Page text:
Phishing: Today’s Big Security Problem, Tomorrow’s Big Marketing Problem
Phishing attacks are becoming more sophisticated and more common. Recent analysis reveals that an increasing amount of potentially fraudulent email is attributed to prominent global brands across a spectrum of industries. In addition to posing security risks and eroding consumer trust, email fraud may threaten targeted brands' ability to reach their customers.
According to the latest figures from Return Path, roughly 9% of email appearing to come from leading brands during Q4-2014 and Q1-2015 was deemed suspicious, meaning the messages' true origin could not be authenticated. In all cases, the messages were sent from third-party IP addresses not known to have permission to send email on the brands' behalf. While this doesn't always indicate email fraud, suspicious messages are considered more likely to put recipients at risk.
In this analysis, all of the brands included use the DMARC standard to see suspicious mail attributed to them. The standard also allows them to stop suspicious messages from reaching consumers. Of 235 billion messages evaluated during the six-month span, 21 billion were classified as suspicious and potentially fraudulent. And while the proportion of suspicious mail peaked at 13% during the holiday season, it remained elevated — near 10% throughout Q1-2015. That means that billions of messages that seem to come from international financial services providers, top-tier retailers, major airlines, and government agencies may in fact be sent by cyber criminals.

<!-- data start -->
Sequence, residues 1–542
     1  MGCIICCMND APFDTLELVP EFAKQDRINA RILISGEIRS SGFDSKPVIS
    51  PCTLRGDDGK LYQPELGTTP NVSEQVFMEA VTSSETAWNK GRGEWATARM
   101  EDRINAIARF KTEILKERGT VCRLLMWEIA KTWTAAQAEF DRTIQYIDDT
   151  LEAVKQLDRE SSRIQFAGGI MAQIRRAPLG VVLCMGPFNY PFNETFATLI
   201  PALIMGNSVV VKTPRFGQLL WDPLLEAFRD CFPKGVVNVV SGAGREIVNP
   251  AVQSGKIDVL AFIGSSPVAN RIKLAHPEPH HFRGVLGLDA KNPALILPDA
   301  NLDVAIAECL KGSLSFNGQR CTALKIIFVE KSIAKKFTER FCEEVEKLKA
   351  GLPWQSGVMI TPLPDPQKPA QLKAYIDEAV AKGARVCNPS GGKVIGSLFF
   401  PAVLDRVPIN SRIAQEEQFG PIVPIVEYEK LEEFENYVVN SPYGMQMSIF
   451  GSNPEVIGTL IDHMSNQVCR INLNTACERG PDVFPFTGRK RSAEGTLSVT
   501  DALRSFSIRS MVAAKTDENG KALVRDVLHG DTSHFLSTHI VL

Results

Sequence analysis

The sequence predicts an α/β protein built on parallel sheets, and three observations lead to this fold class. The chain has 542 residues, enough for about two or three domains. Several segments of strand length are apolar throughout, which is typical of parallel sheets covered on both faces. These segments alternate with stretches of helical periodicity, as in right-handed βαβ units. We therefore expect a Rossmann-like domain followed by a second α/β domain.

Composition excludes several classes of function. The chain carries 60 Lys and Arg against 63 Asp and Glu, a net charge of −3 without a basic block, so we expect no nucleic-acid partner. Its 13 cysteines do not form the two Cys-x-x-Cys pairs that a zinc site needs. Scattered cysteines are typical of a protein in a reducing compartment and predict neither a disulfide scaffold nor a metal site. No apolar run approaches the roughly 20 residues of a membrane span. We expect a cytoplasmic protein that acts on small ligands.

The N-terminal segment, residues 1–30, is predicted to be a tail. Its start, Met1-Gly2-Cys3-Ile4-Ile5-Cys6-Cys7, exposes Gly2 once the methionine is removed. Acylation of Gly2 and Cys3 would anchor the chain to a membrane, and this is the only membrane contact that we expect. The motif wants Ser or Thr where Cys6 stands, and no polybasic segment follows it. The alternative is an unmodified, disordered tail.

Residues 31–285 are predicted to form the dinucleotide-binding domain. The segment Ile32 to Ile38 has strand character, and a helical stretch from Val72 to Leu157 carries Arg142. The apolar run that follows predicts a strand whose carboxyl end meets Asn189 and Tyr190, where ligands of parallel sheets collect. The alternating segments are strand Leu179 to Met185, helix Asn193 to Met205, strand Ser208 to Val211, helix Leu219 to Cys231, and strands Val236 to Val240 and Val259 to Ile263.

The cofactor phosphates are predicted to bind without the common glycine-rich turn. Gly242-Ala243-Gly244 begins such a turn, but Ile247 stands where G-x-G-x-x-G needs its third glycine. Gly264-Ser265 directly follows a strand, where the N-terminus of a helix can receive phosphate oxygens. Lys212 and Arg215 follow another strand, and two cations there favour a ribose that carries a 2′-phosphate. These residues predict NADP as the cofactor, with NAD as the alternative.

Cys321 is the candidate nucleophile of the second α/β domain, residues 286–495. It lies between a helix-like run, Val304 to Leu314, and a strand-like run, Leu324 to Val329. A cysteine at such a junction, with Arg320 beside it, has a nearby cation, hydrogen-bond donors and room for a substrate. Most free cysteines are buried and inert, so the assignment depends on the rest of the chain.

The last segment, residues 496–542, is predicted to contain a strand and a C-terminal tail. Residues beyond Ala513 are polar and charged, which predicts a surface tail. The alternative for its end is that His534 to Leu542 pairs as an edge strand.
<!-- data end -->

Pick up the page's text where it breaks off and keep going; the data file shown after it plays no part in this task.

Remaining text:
Frequently the organizations whose names are used in attacks like these don't find out about them until customers alert them, often by flooding call centers. This adds another set of costs to the scramble to fix the damage done to customer relationships. Brands that use authentication-based solutions, including the DMARC standard, can detect these threats before they reach customers, but reducing the expense of clean-up may become a tangential benefit if mailbox providers treat DMARC adoption as a requirement for inbox placement.